industrial revolution robots forge

The Robots are Coming! The Robots are Coming!

“Technological unemployment” is a new watchword in conservative circles including the American Enterprise Institute. Ever since the Industrial Revolution, when working conditions in the mills were harsh but efficient enough to threaten the livelihoods of skilled artisans, movements like the English Luddites have raised fears about humans going the way of horses: put out to graze while their technologically advanced counterparts rule the market.

Emphasizing employment opportunities for human beings falls in the same category of economic policies as ‘buy local’: It’s fine when companies can make the choice, but terrible when government imposes it. Likewise, Walmart is great because it lets people buy things cheaply, while by and large the wealthier won’t deign to shop there. The important thing is to give people options.

Anti-robot movement or no movement, manual labor-type jobs, including most manufacturing jobs, will ultimately go the way of the buffalo; nothing will change that. Just as harpsichordists are no longer in much demand, neither are welders. This is bad for some folks who have made a string of poor decisions or are just unlucky in where their career options lead them, but for the vast majority of folks, it allows quality of life to remain extremely high.

The opportunity for more and more leisure time has some people worried. In “The Missing American Worker,” Michael Hendrix warns:

Idleness is a recipe for channel-surfing and video game-playing more than, say, devoting oneself to service or education. In fact, the farther down the economic ladder one goes the greater the likelihood that aimless hours will be poured into online browsing; households making $25,000 to $35,000 a year spend 92 more minutes a week online than households making more than $100,000 in income. For as enjoyable as binge-watching Netflix may be, it is hardly a route to life satisfaction.

No one is forcing anyone to watch Netflix. It’s understandable to be depressed when you’re unsure of the future or job hunting –it is one of the more unpleasant periods of life to be in. There is a difference between folks who choose to wallow and folks who force themselves to find a way, however. If this were just about finding a fulfilling way to live, those households making $25-35k could spend their time volunteering instead of binging on Netflix.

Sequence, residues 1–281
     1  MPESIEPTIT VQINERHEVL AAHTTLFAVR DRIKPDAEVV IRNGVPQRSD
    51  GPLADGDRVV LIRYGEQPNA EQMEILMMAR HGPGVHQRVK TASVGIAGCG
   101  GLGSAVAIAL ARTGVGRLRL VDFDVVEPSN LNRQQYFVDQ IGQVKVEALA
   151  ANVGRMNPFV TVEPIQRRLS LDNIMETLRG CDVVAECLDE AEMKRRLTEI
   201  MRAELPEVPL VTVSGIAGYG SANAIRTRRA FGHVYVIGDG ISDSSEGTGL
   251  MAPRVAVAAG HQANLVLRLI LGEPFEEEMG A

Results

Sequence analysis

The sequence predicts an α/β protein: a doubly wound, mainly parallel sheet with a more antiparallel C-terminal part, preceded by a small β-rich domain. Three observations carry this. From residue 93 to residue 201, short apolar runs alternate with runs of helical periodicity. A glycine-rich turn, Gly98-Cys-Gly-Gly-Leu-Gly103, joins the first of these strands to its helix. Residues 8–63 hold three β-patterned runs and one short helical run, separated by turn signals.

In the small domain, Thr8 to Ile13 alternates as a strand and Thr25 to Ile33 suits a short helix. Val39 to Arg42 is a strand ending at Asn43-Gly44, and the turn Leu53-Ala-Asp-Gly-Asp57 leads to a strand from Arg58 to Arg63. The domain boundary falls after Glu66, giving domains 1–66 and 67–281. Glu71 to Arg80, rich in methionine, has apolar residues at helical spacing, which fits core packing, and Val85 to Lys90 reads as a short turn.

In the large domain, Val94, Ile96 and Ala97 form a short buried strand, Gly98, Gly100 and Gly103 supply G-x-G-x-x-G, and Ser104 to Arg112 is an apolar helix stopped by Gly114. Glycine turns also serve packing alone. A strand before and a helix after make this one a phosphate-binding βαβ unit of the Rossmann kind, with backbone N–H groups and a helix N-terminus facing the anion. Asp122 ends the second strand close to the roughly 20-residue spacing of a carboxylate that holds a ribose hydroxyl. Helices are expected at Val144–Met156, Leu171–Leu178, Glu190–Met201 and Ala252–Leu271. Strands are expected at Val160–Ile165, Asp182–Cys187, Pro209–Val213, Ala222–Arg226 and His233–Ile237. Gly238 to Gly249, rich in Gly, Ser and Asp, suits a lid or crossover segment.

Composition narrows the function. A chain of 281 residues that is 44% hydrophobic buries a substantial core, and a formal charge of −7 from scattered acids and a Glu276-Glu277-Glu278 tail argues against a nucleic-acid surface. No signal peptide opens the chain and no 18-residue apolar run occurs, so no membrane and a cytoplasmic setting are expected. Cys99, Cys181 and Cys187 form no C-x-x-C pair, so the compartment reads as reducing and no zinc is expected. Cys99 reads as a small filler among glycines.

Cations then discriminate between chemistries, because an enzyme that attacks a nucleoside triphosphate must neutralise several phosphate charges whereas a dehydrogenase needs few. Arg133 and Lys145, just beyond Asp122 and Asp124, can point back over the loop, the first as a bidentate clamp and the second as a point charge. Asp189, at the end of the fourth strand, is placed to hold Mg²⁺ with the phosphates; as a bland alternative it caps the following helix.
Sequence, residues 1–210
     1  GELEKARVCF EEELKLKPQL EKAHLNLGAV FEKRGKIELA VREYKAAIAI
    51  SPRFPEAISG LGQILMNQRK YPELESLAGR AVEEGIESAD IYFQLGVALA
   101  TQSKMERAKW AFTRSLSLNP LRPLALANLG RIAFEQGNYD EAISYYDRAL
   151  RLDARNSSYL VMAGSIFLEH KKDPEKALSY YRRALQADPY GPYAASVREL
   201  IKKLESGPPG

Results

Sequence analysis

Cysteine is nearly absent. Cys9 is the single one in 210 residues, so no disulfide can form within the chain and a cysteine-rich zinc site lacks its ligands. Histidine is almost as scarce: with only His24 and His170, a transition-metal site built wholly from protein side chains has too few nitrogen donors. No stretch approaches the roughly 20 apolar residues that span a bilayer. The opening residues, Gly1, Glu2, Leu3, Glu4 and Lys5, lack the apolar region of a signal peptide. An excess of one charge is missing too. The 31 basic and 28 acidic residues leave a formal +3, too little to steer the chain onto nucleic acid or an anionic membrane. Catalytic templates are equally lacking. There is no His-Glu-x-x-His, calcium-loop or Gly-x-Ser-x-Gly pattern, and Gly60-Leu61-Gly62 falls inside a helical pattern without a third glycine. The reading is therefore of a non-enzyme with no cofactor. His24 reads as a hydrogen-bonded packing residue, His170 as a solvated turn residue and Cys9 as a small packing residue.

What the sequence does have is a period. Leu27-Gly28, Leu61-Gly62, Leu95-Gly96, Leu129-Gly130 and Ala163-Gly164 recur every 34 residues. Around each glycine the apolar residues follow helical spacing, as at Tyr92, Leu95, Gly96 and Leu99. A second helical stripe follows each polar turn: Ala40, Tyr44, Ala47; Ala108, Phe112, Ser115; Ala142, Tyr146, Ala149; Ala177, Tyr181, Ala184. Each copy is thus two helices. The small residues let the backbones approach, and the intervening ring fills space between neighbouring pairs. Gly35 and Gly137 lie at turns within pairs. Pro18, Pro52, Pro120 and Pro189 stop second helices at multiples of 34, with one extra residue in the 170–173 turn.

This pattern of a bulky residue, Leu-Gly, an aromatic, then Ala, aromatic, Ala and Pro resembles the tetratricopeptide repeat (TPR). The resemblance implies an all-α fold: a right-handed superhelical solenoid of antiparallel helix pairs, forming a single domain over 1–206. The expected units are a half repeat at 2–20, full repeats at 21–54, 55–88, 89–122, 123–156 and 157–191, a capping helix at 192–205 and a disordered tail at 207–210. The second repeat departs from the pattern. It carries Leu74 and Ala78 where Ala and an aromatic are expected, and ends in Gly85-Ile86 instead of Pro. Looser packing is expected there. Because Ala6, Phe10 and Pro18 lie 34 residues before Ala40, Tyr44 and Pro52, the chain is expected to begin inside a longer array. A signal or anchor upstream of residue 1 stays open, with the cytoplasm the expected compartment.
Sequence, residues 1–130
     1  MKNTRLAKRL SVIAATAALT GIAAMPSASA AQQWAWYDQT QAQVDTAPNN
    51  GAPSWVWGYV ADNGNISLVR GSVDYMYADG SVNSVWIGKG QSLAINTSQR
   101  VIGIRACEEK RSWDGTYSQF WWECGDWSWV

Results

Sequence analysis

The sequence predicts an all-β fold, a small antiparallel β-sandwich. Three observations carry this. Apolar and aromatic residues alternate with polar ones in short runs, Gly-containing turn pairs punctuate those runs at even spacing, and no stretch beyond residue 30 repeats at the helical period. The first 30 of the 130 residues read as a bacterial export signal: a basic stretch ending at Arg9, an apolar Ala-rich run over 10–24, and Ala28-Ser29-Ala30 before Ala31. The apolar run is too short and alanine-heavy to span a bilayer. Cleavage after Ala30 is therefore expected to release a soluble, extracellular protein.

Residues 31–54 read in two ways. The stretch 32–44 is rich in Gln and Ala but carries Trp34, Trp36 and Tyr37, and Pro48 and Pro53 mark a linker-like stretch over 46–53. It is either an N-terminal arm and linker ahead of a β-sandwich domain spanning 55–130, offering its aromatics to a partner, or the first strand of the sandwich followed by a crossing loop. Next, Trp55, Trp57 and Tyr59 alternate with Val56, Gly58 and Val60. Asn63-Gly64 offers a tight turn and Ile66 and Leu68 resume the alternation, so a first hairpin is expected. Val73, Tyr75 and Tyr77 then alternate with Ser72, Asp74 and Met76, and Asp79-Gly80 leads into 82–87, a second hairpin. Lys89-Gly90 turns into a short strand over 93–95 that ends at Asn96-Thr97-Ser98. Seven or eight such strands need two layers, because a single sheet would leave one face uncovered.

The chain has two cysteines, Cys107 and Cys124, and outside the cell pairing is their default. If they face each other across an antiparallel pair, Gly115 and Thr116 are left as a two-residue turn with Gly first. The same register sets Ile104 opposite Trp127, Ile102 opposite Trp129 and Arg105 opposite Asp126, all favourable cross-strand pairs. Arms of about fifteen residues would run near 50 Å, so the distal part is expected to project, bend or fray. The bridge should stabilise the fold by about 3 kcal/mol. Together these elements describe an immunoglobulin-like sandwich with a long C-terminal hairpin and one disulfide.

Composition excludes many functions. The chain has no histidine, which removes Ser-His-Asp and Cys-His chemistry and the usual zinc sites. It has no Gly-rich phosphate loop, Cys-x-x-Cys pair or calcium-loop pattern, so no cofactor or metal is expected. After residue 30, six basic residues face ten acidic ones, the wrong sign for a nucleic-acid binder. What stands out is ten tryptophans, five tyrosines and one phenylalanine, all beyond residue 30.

Here’s the thing: $15 minimum wage or not, automation will increase in the future. That isn’t something to fear but to embrace. For most of human history, brawn has been more valuable than the brain. Turn-about, it seems, is fair play. If we’re not stuck doing tedious labor, we can focus on other things instead, which leaves the market ripe for small artisan businesses. There is a reason it is now possible to earn a living as a video game player.

True conservatives shouldn’t be afraid of automation any more than they should be afraid of any technological advance. We don’t play in a zero-sum game where there is only so much pie to go around, and the robots are going to eat half of it. Start making more pies!

Author: Virginia Phillips

Virginia Phillips has a M.A. in Religious Studies and an enduring interest in history and politics. In her spare time she writes opinion pieces on current events and theology. She enjoys speculative fiction, martial arts, dancing, and both consuming and preparing food and beverage pairings.

One Reply to “The Robots are Coming! The Robots are Coming!”

  1. Good article, Virginia! I agree in part, but also disagree in part. I’m with you in that automation is going to phase out the unskilled laborer. However, I disagree with the corollary that skilled labor will also lose demand. You gave welding as an example of a job for which there is little demand, but the fact is that welding, as well as other labor-intensive jobs that require advanced training and skill, are in immense demand. Mike Rowe, of old from Dirty Jobs and currently running the charity mikeroweWORKS, has gone on record in Congressional testimony that there are 5.6 million unfilled jobs that require skilled workers, and for the most part do not require a bachelor’s degree. Welders can earn over six figures in the oil and machining industries. We should not be too attached to the way things were, but neither should we be too quick to throw them away.

    I agree with Hendrix that increased leisure time makes for idleness and indolence, and I agree with you that nobody is forcing people to be lazy, but they are choosing to ignore the opportunities present in life. I would propose that the remedy for sloth comes not just through labor, but through cultivating a culture of self-improvement. People must learn to love learning and activity for its own sake, not just for how it can advance their career.

    Overall, I enjoyed your article, but took issue with a couple of your points. I’d be interested in hearing your thoughts on what I said. Keep writing! 🙂

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